Joseph Haydn Is In The House

Just the other day I was watching a show, and there was a familiar song playing in the background. I knew what song it was, because I had recently posted it. The song was “Waltz In A-Flat Major” by Chopin. (The show was called “Hanna” on Amazon Prime. The song was playing in the restaurant scene.)

But today’s song isn’t that one. Today’s song is an excerpt from Gypsy Rondo, and it was written by Franz Joseph Haydn (1732-1809). It is song number 78 in the countdown of 100 Classical Masterpieces.

Joseph Haydn, in full Franz Joseph Haydn, (born March 31, 1732, Rohrau, Austria—died May 31, 1809, Vienna), was an Austrian composer who was one of the most important figures in the development of the Classical style in music during the 18th century. He helped establish the forms and styles for the string quartet and the symphony. I haven’t come across any other composers who were born on the 31st of the month, and passed away on the 31st of another month.

Haydn was the second son of humble parents. His father was a wheelwright, his mother, before her marriage, a cook for the lords of the village. Haydn early revealed unusual musical gifts, and a cousin who was a school principal and choirmaster in the nearby city of Hainburg offered to take him into his home and train him. Haydn, not yet six years old, left home, never to return to the parental cottage except for rare brief visits.

Haydn Rocking Out

Number 77

Ludwig Van Beethoven’s “Turkish March” is number 77 on the countdown of 100 Classical Songs. It is the eighth and final song by Ludwig Van Beethoven in the list. Can you believe we are 77 percent done with the list? I can’t believe it either.

Bells Version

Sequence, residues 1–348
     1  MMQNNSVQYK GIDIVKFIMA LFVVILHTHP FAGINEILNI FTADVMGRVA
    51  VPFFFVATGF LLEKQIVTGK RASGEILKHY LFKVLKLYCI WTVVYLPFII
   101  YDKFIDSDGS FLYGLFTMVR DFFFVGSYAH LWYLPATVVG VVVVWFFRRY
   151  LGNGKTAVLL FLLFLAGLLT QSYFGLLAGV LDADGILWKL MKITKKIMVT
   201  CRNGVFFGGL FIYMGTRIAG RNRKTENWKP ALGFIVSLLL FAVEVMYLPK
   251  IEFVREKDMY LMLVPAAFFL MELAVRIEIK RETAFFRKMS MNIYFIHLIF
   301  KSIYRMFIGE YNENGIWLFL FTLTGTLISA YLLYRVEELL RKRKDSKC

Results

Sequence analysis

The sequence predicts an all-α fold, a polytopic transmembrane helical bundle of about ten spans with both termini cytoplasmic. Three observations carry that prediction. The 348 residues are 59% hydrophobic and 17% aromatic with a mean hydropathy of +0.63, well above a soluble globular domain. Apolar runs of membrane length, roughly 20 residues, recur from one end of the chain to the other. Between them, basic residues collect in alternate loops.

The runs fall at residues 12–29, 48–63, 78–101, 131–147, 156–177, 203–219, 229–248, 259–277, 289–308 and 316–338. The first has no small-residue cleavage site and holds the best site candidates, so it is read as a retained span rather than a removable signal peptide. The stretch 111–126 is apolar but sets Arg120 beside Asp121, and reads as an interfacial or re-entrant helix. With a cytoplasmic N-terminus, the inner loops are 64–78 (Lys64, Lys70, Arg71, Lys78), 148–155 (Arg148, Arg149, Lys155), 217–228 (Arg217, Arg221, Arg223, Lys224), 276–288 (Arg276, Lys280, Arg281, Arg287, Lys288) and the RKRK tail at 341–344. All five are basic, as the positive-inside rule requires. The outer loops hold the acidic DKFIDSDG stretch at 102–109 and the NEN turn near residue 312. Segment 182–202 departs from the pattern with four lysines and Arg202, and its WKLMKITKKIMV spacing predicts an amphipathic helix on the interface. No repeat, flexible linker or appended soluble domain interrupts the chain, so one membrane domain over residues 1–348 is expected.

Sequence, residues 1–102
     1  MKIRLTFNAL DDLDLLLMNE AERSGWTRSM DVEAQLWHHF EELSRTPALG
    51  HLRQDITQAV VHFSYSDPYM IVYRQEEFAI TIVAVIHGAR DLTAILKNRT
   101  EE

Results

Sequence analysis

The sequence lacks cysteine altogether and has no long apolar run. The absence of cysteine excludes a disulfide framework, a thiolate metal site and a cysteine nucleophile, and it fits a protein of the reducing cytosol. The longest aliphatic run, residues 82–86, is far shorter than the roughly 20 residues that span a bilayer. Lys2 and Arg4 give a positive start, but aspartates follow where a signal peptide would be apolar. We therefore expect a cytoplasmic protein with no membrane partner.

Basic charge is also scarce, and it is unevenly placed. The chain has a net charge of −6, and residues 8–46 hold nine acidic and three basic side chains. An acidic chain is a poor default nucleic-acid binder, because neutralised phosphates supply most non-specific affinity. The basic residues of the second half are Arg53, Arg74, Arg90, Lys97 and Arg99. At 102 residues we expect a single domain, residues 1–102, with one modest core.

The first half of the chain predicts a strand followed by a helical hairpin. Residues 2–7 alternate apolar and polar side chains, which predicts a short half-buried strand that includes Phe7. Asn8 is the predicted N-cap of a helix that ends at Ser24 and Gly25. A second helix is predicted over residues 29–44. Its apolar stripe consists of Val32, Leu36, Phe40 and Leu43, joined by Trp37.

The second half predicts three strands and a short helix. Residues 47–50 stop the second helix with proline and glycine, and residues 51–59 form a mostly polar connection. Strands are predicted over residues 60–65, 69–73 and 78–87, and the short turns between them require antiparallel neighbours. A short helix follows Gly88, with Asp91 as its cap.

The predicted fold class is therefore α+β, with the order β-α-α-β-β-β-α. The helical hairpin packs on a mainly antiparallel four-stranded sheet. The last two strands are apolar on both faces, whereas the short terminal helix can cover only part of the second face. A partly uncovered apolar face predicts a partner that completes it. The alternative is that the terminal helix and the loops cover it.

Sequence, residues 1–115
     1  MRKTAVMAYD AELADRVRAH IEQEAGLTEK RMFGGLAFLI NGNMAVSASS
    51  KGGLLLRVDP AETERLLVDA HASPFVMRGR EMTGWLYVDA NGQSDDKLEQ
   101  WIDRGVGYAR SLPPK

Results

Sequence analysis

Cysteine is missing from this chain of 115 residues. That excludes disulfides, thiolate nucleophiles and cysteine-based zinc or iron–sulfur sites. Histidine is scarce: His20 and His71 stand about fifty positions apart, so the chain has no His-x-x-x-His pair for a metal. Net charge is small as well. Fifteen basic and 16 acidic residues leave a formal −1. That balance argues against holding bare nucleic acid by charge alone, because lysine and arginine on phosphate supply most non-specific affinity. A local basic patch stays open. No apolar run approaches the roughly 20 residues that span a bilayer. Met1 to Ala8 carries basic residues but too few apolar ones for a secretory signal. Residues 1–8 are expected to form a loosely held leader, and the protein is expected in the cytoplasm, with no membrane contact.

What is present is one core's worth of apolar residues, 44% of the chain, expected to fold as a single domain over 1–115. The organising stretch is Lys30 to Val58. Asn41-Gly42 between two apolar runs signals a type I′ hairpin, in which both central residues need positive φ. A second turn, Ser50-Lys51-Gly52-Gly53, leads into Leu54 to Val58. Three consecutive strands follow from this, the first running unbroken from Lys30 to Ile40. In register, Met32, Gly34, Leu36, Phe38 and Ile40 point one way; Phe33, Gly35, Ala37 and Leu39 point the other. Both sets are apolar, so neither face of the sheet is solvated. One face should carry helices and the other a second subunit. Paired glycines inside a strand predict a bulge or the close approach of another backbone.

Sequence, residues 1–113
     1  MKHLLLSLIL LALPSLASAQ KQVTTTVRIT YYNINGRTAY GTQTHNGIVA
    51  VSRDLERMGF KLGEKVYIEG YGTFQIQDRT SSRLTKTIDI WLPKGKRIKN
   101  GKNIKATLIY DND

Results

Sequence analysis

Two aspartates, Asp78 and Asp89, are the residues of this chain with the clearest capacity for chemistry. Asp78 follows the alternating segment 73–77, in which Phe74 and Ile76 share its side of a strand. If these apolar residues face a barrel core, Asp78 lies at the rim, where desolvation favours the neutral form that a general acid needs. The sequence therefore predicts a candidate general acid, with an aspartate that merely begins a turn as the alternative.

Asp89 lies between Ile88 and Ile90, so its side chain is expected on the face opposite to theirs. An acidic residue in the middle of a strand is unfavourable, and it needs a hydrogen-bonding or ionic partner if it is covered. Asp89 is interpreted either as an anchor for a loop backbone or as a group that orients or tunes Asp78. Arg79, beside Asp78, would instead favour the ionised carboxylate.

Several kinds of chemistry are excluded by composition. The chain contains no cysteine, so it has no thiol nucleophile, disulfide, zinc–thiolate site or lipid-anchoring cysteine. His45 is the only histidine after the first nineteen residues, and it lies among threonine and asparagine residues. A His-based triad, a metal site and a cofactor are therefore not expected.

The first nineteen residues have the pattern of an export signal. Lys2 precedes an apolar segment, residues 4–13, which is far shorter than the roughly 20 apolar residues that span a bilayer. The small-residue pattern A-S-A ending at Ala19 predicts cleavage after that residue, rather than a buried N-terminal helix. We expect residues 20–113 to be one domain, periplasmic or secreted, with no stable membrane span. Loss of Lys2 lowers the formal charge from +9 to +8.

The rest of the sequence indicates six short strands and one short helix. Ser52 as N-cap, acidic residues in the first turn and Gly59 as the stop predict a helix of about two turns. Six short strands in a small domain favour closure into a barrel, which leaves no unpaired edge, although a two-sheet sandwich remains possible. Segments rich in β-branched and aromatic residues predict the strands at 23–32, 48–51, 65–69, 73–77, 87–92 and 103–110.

Tame Version
Wild Version

And just for fun, I changed the entire song into the key of C Major (all white keys) and went through every mode. I wonder what Ludwig would think?

The Turkish March (Marcia alla turca) is a well-known classical march theme by Ludwig van Beethoven. It was written in the Turkish style popular in music of the time. The theme was written by Beethoven for the Six variations, Op. 76, of 1809. And later in 1811 Beethoven wrote incidental music to a play by August von Kotzebue called The Ruins of Athens (Op. 113), which premiered in Budapest, Hungary in 1812 which included the Turkish March.

The march is in B-flat major, tempo vivace and 2/4 time. Its dynamic scheme is highly suggestive of a procession passing by, starting out pianissimo, poco a poco rising to a fortissimo climax and then receding back to pianissimo by the coda. Unlike much of Beethoven’s other orchestral music, the woodwinds are the dominant voice rather than the strings.

Modal Music

I took Beethoven’s Third Symphony in E-Flat Major, deleted all of the flats and sharps, then moved the entire piece of music down a step at a time. The result was interesting. Some of the versions sound minor, because they are.

Number 76

Ludwig van Beethoven’s Symphony No. 3 in E-Flat Major comes in at number 76 in the countdown of 100 classical songs. The section I transcribed here was 157 bars long. Like many of his songs it is written in the key of E-Flat Major. His favorite minor key was C-Minor, which is the relative minor of E-Flat.


The Symphony No. 3 in E♭ major is a symphony in four movements by Ludwig van Beethoven.

One of the composer’s most celebrated works, the Eroica symphony is a large-scale composition that marked the beginning of Beethoven’s innovative middle period.

Composed mainly in 1803–1804, the work broke boundaries in symphonic form, length, harmony, emotional and cultural content. It is widely considered a landmark in the transition between the Classical and the Romantic era. It is also often considered to be the first Romantic symphony.

“My Carriage Has Three Flats, as does this symphony.”
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